The nets are so set up on the stakes, that when an animal bounds along and touches the net, it falls over him, and ere he can extricate himself from its meshes, the vigilant Banturs rush out and despatch him with spears and clubs. We waited a long time hearing nothing of the beaters, and watching the red and black ants hurrying to and fro.
On the way we met a crowd of Banturs with bundles of stakes and great coils of strong heavy netting. Sending the coolies on ahead under charge of several headmen and peons, we plunged into the gloom of the forest, leaving our ponies and grooms outside.
It seems to have some narcotic or poisonous principle, easily soluble in water, for when put in any quantity in a stream or piece of water, it causes all the fish to become apparently paralyzed and rise to the surface, where they float about quite stupified and helpless, and become an easy prey to the poaching 'Banturs' and 'Moosahurs' who adopt this wretched mode of fishing.
When we came to a likely-looking spot, the Banturs began operations by fixing up the nets on the stakes and between trees, till a line of strong net extended across the forest for several hundred yards. We then went ahead, leaving the nets behind us, and each took up his station about 200 yards in front. The men with the nets then hid themselves behind trees, and crouched in the underwood.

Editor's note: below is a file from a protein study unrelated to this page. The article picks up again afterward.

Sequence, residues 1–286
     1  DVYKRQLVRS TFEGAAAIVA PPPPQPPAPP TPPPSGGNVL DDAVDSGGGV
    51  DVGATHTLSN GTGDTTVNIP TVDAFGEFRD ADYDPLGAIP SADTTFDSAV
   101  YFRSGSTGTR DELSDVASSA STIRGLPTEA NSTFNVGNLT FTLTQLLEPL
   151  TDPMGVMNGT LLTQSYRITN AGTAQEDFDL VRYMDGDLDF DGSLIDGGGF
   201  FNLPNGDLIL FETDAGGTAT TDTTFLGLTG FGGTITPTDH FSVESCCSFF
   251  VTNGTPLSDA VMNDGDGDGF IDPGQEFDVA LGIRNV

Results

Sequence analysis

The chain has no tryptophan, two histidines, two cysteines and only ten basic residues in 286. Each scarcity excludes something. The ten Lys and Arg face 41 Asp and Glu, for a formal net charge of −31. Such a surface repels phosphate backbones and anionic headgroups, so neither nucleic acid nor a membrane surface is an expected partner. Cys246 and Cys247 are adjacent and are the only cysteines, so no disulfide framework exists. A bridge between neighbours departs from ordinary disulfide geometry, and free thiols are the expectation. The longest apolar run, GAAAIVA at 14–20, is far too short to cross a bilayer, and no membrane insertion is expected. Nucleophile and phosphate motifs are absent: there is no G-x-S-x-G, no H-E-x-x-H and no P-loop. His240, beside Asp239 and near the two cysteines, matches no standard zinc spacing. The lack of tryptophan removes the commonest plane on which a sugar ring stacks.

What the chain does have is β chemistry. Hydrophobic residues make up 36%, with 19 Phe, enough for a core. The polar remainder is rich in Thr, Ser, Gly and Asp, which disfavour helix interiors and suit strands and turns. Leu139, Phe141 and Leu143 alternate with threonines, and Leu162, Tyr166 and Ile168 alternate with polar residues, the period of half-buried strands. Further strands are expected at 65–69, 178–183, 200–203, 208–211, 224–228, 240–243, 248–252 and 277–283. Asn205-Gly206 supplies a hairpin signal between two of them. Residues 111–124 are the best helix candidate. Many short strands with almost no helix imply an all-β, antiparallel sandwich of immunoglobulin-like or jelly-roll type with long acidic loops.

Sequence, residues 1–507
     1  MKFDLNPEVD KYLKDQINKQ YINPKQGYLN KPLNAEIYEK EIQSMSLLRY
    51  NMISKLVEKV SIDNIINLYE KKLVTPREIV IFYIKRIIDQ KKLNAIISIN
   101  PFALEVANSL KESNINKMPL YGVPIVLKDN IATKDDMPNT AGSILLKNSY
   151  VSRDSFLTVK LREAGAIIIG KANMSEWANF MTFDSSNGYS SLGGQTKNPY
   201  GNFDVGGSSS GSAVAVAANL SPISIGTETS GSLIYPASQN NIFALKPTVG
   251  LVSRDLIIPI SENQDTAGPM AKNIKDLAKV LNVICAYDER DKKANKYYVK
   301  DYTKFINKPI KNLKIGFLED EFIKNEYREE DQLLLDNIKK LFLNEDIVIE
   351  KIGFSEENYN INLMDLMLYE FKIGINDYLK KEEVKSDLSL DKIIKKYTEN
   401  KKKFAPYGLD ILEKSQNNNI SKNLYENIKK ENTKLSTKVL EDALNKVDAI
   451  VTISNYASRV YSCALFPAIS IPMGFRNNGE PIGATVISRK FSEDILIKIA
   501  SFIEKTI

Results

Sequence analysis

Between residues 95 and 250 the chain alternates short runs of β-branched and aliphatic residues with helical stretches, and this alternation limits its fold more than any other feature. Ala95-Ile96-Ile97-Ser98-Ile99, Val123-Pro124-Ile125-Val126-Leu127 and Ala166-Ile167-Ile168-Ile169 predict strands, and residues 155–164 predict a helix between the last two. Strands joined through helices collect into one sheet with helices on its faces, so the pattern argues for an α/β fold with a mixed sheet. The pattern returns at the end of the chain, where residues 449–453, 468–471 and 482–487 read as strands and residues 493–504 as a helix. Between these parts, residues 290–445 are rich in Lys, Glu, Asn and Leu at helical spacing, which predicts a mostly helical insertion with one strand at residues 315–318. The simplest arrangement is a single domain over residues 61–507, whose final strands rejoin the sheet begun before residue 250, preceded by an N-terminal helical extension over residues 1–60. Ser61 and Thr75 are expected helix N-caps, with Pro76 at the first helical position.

When the gun goes off there is a mighty splutter, a roar like that of a small cannon, and the slugs go hurtling through the bushes, carrying away twigs and leaves, and not unfrequently smashing up the game so that it is almost useless for the table. The Banturs, who principally inhabit these jungles, are mostly of Nepaulese origin.
The motion is communicated to the fisherman by a string from the centre of the net which is rolled round the fisherman's thumb. When the jerking of his thumb announces a captive fish, he puts down his left hand and secures his victim. The Banturs, Nepaulees, and other jungle tribes, also often use the bow and arrow as a means of securing fish.
The Banturs, a jungle tribe of wood-cutters. Their habits. A village feast. We beat for deer. Habits of the spotted deer. Waiting for the game. Mehrman Singh gets drunk. Our bag. Pea-fowl and their habits. How to shoot them. Curious custom of the Nepaulese. How Juggroo was tricked, and his revenge.
A number of moosahurs, banturs, gwallas, and other idlers, from the jungle villages, generally follow in the wake of the line. If you shoot many pigs, they carry off the dead bodies, and hold high carnival in their homes in the evening. To see them rush on a slain buffalo, and hack it to pieces, is a curious sight; they fight for pieces of flesh like so many vultures.